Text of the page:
• Dr. Pepper is so much more than sugar water, though.

        • This is exactly how I saw it. I love wings, but anticipated that the original wouldn’t be used for something like an NBA event.

          People who didn’t know him and the song before will definitely be positively surprised what really is in the real song and all those no brain sneakerheads might have something poking in the ear for a change.

          I guess I’d call him a sell out of I wouldn’t like him. I guess i do now as well, but I really don’t care as I want him to be successful as he’s mad talented.

        • Macklenore? FUN!?

          This guy embodies every bad tendency of the KRS-Two school of preachy hip hop, the stuff that makes people whine about how hip hop “used to be” while ignoring that UGK’s I’m So Baf (I can suck my own dick) and Section 8 Mobs “Ketchup On My Hotdog” from the same era are infinitely more amazing than some Poor Righteous Teachers record.


    • Trey didn’t write the article. Andrew Unterberger did. And I agree with Andrew in his general feeling toward Macklemore. Well written as usual, sir.

  7. Dude finally achieves success on his own, and not through the Big Machine, and what happens? The haters come out. This is just a microcosm of today’s internet culture where everyone has an opinion, and it seems to matter way too much.

    • “The things I like are beyond reproach”

      As far as people having opinions on things, that’s very much true, but pop music is pretty trivial. It’s not like people are discussing something of great weight– like economics or segregation, for two examples– and failing in doing the most basic of statistical or historical research.

  8. NBA needs to quit trying to seem “hip” by getting all these artists to do a theme every year.

    Just fucking pay John Tesh to use the NBA on NBC theme again:


  9. Personally I like Macklemore’s music, he’s a decent rapper, and the production is great. However this is totally a valid call out. I’ve always wondered how he made this song, and has a song about thrift shops, which also has the same anti-materialism vibe to it, yet every single week, he ends up in Nice Kicks celebrity sneaker stalker, with exclusive release Nikes on.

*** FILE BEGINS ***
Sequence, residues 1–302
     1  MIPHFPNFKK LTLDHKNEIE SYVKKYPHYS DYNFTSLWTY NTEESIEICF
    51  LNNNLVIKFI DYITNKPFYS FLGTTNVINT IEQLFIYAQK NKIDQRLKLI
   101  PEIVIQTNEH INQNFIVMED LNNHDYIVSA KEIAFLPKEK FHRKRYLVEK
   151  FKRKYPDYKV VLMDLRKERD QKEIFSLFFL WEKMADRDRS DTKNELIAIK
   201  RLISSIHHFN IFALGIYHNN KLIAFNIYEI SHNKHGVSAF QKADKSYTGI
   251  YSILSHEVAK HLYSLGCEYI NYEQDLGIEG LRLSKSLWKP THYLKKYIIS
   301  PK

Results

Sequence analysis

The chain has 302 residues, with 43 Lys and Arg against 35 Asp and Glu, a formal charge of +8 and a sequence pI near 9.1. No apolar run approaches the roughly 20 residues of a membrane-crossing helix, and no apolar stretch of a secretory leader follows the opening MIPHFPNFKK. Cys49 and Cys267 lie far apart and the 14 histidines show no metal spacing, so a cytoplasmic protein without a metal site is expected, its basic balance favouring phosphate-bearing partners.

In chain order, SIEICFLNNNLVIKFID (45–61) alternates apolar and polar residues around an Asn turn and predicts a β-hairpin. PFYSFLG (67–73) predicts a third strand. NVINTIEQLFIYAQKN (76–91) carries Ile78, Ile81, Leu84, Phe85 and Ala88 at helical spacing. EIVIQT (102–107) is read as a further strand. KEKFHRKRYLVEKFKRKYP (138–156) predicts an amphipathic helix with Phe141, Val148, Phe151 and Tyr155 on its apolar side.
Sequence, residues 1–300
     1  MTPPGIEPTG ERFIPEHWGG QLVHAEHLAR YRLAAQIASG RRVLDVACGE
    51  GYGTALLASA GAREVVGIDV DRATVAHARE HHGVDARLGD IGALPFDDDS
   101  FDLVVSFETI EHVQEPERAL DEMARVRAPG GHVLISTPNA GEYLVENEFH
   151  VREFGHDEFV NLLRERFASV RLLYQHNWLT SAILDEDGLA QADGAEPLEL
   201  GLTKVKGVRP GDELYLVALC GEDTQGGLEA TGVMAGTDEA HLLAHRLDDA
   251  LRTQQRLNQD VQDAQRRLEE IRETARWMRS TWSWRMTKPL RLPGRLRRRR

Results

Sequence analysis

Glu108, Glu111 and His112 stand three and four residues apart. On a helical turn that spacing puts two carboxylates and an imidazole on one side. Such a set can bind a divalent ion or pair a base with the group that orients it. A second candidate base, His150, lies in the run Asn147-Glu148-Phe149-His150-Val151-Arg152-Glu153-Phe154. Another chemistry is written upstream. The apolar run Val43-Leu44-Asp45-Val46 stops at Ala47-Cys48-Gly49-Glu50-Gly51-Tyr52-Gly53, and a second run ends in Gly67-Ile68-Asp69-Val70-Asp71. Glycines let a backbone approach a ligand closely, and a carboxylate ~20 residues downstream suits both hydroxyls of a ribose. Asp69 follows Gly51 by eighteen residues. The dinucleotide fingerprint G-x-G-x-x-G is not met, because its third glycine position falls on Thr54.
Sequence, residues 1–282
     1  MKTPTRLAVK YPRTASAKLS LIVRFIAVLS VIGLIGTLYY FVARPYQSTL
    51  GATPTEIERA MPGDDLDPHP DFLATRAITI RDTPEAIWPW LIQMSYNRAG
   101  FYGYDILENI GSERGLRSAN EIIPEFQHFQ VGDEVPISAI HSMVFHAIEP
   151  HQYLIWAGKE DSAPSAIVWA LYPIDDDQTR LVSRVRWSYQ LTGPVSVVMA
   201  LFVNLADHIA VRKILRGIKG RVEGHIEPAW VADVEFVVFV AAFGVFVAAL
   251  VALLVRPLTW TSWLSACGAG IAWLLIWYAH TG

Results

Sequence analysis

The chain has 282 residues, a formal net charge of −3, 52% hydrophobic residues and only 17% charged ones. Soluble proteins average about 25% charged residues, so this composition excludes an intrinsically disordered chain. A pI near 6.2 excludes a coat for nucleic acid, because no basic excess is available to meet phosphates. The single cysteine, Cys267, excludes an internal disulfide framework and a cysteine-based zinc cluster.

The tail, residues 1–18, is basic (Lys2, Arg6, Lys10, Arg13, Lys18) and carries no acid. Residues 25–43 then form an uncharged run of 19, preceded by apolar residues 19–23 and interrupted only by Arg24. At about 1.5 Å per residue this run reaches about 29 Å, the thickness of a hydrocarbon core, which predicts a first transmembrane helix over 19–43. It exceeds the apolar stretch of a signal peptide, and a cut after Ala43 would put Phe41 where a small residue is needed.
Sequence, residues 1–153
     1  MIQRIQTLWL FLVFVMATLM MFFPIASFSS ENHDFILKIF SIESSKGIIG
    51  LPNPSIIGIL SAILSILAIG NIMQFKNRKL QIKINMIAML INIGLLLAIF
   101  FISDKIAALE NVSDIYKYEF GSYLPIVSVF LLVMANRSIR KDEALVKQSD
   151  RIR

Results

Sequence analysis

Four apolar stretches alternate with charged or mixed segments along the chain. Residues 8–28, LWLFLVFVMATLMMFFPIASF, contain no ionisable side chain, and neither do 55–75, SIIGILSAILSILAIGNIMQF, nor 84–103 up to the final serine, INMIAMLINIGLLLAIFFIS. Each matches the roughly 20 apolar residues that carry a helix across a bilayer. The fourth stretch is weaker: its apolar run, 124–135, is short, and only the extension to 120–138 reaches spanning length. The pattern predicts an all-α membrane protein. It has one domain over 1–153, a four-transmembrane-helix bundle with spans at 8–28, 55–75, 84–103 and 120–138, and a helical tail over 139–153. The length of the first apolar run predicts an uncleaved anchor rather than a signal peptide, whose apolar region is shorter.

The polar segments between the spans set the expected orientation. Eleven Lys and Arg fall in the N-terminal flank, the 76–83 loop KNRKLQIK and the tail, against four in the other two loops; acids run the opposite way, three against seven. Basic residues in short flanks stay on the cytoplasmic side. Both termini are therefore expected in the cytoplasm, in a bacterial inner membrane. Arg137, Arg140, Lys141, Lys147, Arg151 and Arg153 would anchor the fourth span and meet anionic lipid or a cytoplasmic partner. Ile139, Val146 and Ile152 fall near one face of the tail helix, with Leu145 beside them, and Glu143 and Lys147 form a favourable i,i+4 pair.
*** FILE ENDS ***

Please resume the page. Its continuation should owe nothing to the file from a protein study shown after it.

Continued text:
10. not a great tune

  11. Just play 7L & Esoteric’s “The Handle” to pay dues to the legends of the 80s.

  12. Every song the world will ever need for sporting events can be found on Jock Jams volumes 1-5. I must say I also hate the new version of “One Shining Moment”, so yeah…

  13. I’ve been a Macklemore fan since The VS ep and love his music, his energy, and that he does touch on something more than girls, money, etc. Wing$ is a song with a message to not obsess with possessions or be owned by what you own; it’s about enjoying what you have and not being an idiot to get a pair of sneakers, not the anti-Nike song. So I agree, not a great choice to use this song and edit out the message and just take the basketball. But, calling Macklemore and Ryan Lewis “sellouts” would be taking this a little too far.

  14. Good article Andrew. Macklemore stans seem to come out in full force whenever his self righteous message is criticized. Even more so, the guy just makes boring music. Go put on an Atmosphere record.

    • Good work as always AU. Atmosphere does have considerably more talent than Macklemore. Dood did rock a Gary Payton jersey no jacket in 35 degree weather last weekend at red rocks though. Gotta respect that + first independent artist to be #1 in years. Maybe this is almost a ‘reverse jynx’ tactic by illuminati, wearing us all out on Macklemores socially conscious message. Either way, it’s a damn shame that it seems everybody has to ‘sell out’ for a few peanuts

      • Huh? Plenty of independent artists have had number 1 singles and albums.

        • Yeah, I’m pretty sure Mac Miller’s album was the first independent album to go #1 since Tha Dogg Pound though. The purchasing power of young white people cannot be stopped

  15. agree that it is ironic about that songs’ message vs the NBA all star machine, but Macklemore’s songs are pretty decent with thoughful lyrics, compared to 99% of the other shite that is out there about “poppin mollys in da club”

  16. Macklemore is great. He has some songs that are clearly just for fun, and some that actually have meaning. Unfortunately, thrift store, the song that has no meaning, made it to mainstream instead of his meaningful songs. Macklemore problem isn’t the right artist for an nba event but i’m glad he got his name out and can build on his fan base.

    I think it’s been pretty clear that you only need one clear line related to basketball or the nba to be able to be considered a candidate for performing for an nba event.